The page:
When a serious issue begins garnering the attention it deserves, many people — including New York residents — may feel a sense of justice and accomplishment. Over the past several weeks, sexual harassment in the workplace has obtained copious amounts of attention. As a result, numerous alleged high-profile harassers and victims have seen a wave of changes in the entertainment industry. While this attention may allow for movement in a positive direction, what about individuals in low-wage situations?
Many individuals in low-wage jobs may not receive the same ready action to their complaints of harassment. One woman gave her account of being harassed and later raped by a supervisor while on the job. It took months for her to work up the courage to report the incident, and after she did, she was fired from her job.
In addition to low-wage workers getting left out of the conversation, so have women of color. Though these women have not gotten as much attention as some of the big-name cases, industries that commonly employ women of color with low rates of pay tend to have the highest levels of sexual harassment. This statistic may seem daunting, but still, the media often fails to cover these cases.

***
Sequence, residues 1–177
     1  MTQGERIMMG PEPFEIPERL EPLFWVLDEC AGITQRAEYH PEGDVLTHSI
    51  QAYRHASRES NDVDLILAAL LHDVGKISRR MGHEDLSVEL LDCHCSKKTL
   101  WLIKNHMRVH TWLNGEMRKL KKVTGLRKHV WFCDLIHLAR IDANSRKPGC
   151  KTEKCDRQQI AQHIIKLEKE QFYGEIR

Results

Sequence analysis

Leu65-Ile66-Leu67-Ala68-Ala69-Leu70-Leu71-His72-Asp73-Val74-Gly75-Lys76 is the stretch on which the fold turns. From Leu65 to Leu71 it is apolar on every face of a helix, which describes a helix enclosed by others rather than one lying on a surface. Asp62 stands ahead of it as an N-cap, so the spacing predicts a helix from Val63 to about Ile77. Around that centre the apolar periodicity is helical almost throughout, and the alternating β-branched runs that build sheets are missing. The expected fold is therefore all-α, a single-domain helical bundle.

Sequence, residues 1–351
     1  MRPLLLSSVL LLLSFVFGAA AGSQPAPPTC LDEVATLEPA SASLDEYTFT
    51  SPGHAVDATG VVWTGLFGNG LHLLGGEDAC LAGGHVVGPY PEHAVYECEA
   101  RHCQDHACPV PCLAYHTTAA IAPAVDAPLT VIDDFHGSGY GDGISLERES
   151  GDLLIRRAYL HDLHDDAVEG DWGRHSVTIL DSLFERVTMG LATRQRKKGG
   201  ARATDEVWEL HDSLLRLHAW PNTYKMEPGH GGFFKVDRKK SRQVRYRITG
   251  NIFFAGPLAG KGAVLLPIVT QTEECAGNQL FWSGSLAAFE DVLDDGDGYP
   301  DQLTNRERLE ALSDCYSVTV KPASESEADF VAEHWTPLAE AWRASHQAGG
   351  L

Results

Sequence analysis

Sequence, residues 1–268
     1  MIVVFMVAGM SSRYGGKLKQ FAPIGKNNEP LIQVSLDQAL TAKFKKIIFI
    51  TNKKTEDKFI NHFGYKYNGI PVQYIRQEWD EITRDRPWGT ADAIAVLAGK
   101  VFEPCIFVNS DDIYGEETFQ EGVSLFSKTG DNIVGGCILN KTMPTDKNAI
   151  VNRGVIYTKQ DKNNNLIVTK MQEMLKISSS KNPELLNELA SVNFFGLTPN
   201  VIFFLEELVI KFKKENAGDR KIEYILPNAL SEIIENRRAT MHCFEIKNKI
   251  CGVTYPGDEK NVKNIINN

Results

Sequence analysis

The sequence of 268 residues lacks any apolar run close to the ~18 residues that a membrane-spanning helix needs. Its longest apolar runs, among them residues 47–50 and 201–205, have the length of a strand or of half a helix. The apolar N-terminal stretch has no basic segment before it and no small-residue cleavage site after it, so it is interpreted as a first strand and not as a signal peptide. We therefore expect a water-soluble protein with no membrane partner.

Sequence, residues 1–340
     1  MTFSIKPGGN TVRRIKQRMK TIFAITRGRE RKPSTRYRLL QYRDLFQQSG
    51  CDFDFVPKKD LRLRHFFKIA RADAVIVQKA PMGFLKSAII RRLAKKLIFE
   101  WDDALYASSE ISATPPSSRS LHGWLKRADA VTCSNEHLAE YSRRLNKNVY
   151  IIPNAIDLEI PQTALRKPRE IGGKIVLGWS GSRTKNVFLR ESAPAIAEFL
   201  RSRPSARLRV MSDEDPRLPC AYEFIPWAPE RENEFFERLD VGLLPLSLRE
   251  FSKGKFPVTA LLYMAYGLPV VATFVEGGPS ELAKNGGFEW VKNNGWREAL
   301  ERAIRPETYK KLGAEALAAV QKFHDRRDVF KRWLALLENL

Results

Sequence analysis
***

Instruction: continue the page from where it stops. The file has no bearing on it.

Though many people have seen a glimmer of hope that sexual harassment in the workplace will be taken more seriously, numerous individuals may still feel as if they have to fight alone. Facing the idea of potential retaliation for complaints may keep many people from even making reports. However, New York workers may wish to remember that they have legal options, and speaking with knowledgeable attorneys could help them determine the best ways to handle their predicaments.
Source: vox.com, “Women of color in low-wage jobs are overlooked in the #MeToo moment,” P.R. Lockhart, Dec. 19, 2017